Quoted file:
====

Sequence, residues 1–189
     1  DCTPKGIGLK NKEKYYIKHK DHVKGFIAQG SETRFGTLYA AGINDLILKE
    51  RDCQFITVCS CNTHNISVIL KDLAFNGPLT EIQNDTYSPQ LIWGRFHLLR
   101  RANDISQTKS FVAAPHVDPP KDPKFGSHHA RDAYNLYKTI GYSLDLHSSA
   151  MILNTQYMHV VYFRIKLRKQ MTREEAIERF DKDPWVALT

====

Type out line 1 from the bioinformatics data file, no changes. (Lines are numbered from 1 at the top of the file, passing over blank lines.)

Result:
Sequence, residues 1–189